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So far so good. A lot of information, thank you Joey. I like the accompanied workbook, quite detailed.

Colleen Bartolini, U.S.A.

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Feng Shui Valuate Your Business
Source : SME (Sep Issue)
Date : 1 Sep 2013
by Joey Yap

This week, I'm going to share with you how you can use information obtained from super-imposing the Eight Squares of Business over your office floor plan to gain a snapshot of which aspect of your business or which division of your organization, is putting a drag on your bottom line. For readers who may have missed last week's article, you can read in on my website, along with step-by-step instructions on how to grid up your office space according to the Eight Squares of Business.

Essentially, when a particular sector has positive features in the space, then the aspects (i.e: departments, divisions, business activities, personnel) that relate to that sector will generally have fewer glitches, problems or issues or show better progress or profitability. By contrast, if a sector has negative features in the space, then the aspects that relate to that sector will have a disproportionately high number of problems, challenges, obstacles or require an inordinately high amount of attention, at the expense of other areas of the business or organization.

For example, Office A has certain negative features in the East area. The East sector relates to action, execution, operations and implementation, as well as the business development team, staff engaged in fulfillment of services or orders, and the COO of the company. Any business occupying Office A will experience a great deal of problems, snafus and mistakes that relate to the execution, operations and implementation aspects of their business. For a simple trading business, this could manifest in frequent and costly mistakes made by staff delivering the wrong orders to customers, or failing to send orders in a timely fashion. In a more sophisticated organization, the COO may find he/she constantly runs up against challenges or obstacles in attempting to improve the business processes of the organization.

Spotting 'Negative Feature' In Your Office

So how do you know if a particular area in your office has negative features? Negative features come in many forms but here are a few of the more common variants:

  • Exposed overhead beam in the area or an uneven ceiling
  • Protruding wall columns in the area
  • The area is dark, dank or musty, windowless and airless, making the area very Yin.
  • The area is very cluttered, or the space is very tight
  • The sector is a closet or storage area
  • Thick foliage or trees outside the area that result in the space being dark or very shady due to lack of natural sunlight despite windows in the room/space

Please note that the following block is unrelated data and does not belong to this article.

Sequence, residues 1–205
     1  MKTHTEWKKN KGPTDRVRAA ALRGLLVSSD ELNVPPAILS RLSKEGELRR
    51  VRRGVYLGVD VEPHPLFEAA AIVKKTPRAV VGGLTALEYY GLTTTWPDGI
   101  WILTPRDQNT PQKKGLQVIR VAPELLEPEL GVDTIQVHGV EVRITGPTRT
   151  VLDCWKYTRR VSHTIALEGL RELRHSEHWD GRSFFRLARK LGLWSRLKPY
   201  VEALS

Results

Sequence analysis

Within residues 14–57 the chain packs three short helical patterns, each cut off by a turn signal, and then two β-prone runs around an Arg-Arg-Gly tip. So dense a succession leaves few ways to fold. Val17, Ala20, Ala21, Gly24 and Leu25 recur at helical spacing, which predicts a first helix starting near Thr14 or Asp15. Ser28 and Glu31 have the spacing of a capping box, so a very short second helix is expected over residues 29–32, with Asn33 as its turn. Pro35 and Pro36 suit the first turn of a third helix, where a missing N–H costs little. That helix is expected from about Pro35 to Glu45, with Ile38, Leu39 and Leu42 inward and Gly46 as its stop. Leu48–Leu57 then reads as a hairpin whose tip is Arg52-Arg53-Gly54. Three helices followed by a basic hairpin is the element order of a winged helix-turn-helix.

• Pylons or lamp posts outside the area - this is irregardless of whether it is visible from inside the building or not
  • A T-junction right outside the area (if the office is on the ground floor)

External negative features (typically, negative features found outside the building or office space, such as thick foliage, pylons or lampposts, T-junctions), tend to have a greater impact as it is harder to minimize their negative effect, since they tend to be larger structures or public structures.

By contrast, internal negative features can usually be corrected with renovation, or the careful positioning of office furniture or potted plants. An exposed overhead beam can be covered with an artificial ceiling. Exposed columns can be covered/evened out using heavy furniture such as filling cupboards or built in cupboards/storage, or artificial wall. Very dark, extremely Yin Qi spaces can be brightened using more lights.

The Case of the Missing Sector

For small and medium sized businesses operating out of a single office unit or a floor of a shop lot, sometimes there can be the problem of a missing sector. This is usually the case if the office unit or shop lot has an odd design, or is set at an angle, resulting in a space that is not a square or rectangle. An office or business premise has a missing sector when one of the squares of the eight grids is missing.

This does not mean that the office space is automatically bad. But it does mean that the aspects that relate to that sector be it people, divisions or departments, or business activities, will often be the bane of the business or the most problematic aspect of the business. For example, Office B is located in a shop lot that has a missing South sector. The South sector relates to an organization or businesses branding, public relations, reputation and status. Since the South sector is missing, the business occupying Office B will find they either are unable to find a good staff to assist them in branding and PR efforts, or the business' services of products lack awareness amongst the public, or do not seem to be top of mind amongst the target market.

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Dato' Joey Yap is the leading Feng Shui, BaZi and Qi Men Dun Jia consultant in Asia. He is an international speaker, bestselling author of over 160 books and master trainer in Chinese Metaphysics. He is also the founder of the Mastery Academy of Chinese Metaphysics and the Chief Consultant of Joey Yap Consulting Group.


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